- Vaccinations: Public health officials warn that we need to take more steps to prevent international epidemics from viruses such as Ebola and Zika. Meanwhile, measles is resurgent due to decreasing vaccination rates. How will your administration support vaccine science?
- Space: There is a political debate over America's national approach to space exploration and use. What should America's national goals be for space exploration and Earth observation from space, and what steps would your administration take to achieve them?
- Opioids: There is a growing opioid problem in the United States, with tragic costs to lives, families and society. How would your administration enlist researchers, medical doctors and pharmaceutical companies in addressing this issue?
- Ocean Health: There is growing concern over the decline of fisheries and the overall health of the ocean: Scientists estimate that 90 percent of stocks are fished at or beyond sustainable limits, habitats like coral reefs are threatened by ocean acidification, and large areas of ocean and coastlines are polluted. What efforts would your administration make to improve the health of our ocean and coastlines and increase the long-term sustainability of ocean fisheries?
- Immigration: There is much current political discussion about immigration policy and border controls. Would you support any changes in immigration policy regarding scientists and engineers who receive their graduate degree at an American university? Conversely, what is your opinion of recent controversy over employment and the H1-B Visa program?
- Scientific Integrity: Evidence from science is the surest basis for fair and just public policy, but that is predicated on the integrity of that evidence and of the scientific process used to produce it, which must be both transparent and free from political bias and pressure. How will you foster a culture of scientific transparency and accountability in government, while protecting scientists and federal agencies from political interference in their work?
As I read through these I was surprised at how my priority concerns have shifted over time. I’m planning to discuss these questions with my friends, family, and colleagues to see how they feel about these issues, and I’m curious about what questions are most relevant to you? Feel free to reach out to me on twitter at @marcosstafne or email me at firstname.lastname@example.org.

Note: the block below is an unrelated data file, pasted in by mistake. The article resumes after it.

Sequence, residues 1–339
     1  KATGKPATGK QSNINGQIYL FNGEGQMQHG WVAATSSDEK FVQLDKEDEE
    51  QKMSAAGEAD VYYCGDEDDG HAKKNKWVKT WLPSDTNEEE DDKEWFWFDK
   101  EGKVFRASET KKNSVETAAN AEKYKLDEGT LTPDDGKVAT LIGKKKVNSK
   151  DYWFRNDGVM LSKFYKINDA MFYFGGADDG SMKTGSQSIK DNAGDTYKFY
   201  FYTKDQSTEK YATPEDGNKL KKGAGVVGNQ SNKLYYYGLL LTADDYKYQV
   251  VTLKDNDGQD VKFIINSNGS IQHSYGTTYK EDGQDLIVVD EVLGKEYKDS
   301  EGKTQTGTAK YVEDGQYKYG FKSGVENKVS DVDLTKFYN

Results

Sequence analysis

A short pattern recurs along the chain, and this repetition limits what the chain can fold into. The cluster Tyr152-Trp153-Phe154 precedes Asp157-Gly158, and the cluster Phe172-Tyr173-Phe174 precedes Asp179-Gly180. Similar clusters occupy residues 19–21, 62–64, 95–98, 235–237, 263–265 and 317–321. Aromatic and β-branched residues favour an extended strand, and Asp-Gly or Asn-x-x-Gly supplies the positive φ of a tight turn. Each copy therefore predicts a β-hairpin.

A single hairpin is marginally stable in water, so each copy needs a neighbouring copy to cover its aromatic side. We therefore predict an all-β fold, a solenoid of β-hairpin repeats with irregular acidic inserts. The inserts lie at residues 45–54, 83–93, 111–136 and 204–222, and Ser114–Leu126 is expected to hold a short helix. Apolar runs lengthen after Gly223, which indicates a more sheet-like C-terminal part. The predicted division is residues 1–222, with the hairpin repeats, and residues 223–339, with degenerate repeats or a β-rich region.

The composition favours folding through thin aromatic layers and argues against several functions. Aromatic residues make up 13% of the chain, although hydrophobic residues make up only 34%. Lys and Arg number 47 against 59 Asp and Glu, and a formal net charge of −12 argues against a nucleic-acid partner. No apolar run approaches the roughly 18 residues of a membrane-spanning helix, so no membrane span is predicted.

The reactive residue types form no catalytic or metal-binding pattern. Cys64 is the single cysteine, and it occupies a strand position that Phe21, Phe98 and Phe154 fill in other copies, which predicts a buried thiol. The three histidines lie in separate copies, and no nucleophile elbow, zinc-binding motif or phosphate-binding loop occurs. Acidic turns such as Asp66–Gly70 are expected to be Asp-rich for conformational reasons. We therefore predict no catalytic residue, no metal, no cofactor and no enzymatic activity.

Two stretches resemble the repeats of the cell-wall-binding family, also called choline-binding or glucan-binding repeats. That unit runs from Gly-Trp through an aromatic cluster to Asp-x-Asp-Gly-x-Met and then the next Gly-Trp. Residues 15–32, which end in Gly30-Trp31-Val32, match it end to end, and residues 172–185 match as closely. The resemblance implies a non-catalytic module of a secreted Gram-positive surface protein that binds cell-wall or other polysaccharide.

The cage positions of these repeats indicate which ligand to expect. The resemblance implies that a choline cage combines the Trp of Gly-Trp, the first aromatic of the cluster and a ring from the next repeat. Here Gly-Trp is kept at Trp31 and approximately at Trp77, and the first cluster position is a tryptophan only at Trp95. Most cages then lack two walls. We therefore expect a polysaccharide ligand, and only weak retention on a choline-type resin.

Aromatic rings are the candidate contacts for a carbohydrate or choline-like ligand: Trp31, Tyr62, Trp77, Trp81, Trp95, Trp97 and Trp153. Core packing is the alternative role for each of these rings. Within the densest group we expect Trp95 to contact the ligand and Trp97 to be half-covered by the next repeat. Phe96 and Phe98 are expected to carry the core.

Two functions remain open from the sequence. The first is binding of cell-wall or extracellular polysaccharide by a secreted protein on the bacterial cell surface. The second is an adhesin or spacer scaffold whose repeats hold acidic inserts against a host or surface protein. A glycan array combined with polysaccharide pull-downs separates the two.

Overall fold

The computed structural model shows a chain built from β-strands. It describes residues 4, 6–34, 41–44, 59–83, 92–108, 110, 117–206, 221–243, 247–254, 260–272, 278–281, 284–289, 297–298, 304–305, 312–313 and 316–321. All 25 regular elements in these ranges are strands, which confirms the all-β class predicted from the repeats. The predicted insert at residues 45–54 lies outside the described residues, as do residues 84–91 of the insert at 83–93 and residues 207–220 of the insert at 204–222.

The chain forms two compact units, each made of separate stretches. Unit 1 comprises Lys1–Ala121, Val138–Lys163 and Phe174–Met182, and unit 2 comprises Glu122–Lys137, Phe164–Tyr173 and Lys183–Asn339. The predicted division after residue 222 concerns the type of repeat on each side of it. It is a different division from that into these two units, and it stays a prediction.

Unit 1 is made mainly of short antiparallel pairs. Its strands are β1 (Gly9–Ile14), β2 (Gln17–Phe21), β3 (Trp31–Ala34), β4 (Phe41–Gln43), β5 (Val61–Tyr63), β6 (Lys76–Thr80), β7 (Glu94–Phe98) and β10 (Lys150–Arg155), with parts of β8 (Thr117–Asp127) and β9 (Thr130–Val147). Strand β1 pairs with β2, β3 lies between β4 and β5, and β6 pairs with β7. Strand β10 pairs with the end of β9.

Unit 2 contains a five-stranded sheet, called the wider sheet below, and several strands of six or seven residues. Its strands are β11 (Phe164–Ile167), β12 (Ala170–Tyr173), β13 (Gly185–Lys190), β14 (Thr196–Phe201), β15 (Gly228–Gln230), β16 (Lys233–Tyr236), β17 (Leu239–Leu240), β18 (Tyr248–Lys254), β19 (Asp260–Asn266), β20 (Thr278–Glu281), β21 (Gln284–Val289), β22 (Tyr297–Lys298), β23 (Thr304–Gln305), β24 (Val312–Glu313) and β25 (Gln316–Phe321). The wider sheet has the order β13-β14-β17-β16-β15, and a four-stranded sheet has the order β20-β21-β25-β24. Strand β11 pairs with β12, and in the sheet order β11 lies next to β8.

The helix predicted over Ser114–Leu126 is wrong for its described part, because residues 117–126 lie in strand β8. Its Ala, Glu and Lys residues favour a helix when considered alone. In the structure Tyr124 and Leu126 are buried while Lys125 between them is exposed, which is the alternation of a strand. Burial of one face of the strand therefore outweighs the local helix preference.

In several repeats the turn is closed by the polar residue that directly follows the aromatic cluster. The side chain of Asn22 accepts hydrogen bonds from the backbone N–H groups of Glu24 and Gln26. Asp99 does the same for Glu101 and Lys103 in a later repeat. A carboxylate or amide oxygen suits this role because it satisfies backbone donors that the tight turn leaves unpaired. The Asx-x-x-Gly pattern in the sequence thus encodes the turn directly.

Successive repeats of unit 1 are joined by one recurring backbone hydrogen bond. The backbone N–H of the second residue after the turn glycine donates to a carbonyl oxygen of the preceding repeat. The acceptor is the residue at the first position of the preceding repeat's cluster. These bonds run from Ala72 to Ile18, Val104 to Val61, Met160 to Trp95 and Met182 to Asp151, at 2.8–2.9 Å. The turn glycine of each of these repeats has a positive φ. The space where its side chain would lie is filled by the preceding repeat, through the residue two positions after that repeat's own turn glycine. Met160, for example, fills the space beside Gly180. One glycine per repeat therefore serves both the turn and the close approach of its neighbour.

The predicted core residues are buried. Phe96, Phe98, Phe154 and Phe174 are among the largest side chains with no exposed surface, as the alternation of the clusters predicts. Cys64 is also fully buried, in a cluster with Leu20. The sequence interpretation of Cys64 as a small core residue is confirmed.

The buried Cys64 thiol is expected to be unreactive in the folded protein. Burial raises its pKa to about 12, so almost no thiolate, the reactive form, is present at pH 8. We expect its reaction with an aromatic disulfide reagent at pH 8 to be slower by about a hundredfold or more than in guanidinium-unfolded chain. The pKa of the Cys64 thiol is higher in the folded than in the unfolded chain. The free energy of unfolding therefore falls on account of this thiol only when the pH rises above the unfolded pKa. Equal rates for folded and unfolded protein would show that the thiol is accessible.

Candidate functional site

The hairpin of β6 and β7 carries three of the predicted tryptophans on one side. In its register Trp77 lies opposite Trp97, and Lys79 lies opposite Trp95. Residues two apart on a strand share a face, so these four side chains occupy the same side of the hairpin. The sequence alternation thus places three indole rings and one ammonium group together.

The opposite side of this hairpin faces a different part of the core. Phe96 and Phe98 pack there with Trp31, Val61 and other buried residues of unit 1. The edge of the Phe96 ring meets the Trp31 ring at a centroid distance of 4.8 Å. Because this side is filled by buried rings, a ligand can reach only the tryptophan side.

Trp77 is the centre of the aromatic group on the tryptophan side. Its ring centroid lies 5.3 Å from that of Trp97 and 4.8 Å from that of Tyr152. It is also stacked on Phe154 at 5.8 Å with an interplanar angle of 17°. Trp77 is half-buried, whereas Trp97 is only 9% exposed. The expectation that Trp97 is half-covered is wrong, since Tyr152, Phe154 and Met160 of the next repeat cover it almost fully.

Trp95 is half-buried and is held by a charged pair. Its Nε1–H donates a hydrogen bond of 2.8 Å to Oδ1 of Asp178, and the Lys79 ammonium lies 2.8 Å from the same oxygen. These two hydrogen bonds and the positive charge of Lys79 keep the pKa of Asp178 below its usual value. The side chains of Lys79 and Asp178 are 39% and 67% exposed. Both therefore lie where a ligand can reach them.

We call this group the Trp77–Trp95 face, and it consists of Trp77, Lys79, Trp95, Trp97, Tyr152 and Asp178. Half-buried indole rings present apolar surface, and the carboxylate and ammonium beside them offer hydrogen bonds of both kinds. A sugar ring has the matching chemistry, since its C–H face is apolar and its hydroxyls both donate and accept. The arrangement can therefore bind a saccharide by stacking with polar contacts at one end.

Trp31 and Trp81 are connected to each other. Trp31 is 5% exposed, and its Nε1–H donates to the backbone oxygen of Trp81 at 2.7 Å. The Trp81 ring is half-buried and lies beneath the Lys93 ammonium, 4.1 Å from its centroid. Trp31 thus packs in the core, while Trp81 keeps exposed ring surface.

For more information about the 20 Science Questions:
NPR: 20 Science Questions for Presidential Candidates.
Science Debate: 2016’s Top Presidential Science, Engineering, Tech, Health & Environmental Questions.
Science Magazine: U.S. science groups have 20 questions for candidates.
20 Science Question (PDF)
What does a science museum director do while on vacation?…go to museums of course!
The Montshire is a hot spot for families from all over the country to visit during their summer vacation. It’s fun walking through the parking lot and seeing license plates from all over U.S.A.—and knowing that we’re part of someone’s exciting summer adventure.
In July, I decided to set off on an excursion to California and visit as many cultural institutions as possible.
9 days, 5 cities, 27 museums, zoos, aquariums, historical sites and theme parks.
Along the way I learned about whales, cannibals, streetcars, space shuttles, tentacles, racecars, saw about 2000 works of art, and sat in an enchanted Tiki room. Yes, I probably did a little too much sight seeing—but there was so much more to see and do—and it was a great way to feed my ravenous curiosity.
While seeing four to five cultural attractions a day can seem a little overwhelming, one way I keep track of my days is to play a simple game called, “Three Favorite Things”. My partner and I list our three favorite things from the day, and then our three least favorite things. It’s always surprising what sticks out for each of us. A favorite thing can be a specific work of art in a museum filled with a thousand paintings, or an exhibition on a concept I had never thought about (like cannibalism), or really, really great salad for dinner (it was California after all).
After the trip, I like to think about all of the favorite things, and put together a master list to help really cement the trip in my mind. With regards to the joy of science, I’ve put together a list of my three favorite things from my trip.
Marcos’ Three Favorite Science Things in California:
1. Whispering secrets to an ankylosaurus. I love dinosaurs, but I especially love this model of an ankylosaurus at the San Diego Natural History Museum (the Nat). I took an identical photo of me whispering secrets to this prickly dinosaur almost 10 years ago, and wasn’t sure if he’d still be there when we visited this year. I was delighted to see him, and required a duplicate photo. Sometimes we go to museums to see and experience brand new things and concepts, and sometimes we want to see our old favorites every single time. I think about this a lot when I hear our visitors excited to return to their favorite places such as the bear cave in Andy’s Place.
2. Seeing the Space Shuttle Endeavor. Growing up in Florida I had the privilege of stepping outside of my classroom and seeing the space shuttle launch every time it happened. It’s one of those things that never got boring, and everybody took a break to watch it happen (we even did this in college). I have a new bucket-list goal of seeing all of the retired space shuttles on display. The Endeavor managed to find a home at the California Science Center in Los Angeles. Space Shuttles are huge, and when you stand underneath one of them you realize the immensity of the entire space program. The even crazier thing is you start to ask a million questions—like, how did they drive a space shuttle through the middle of Los Angeles traffic?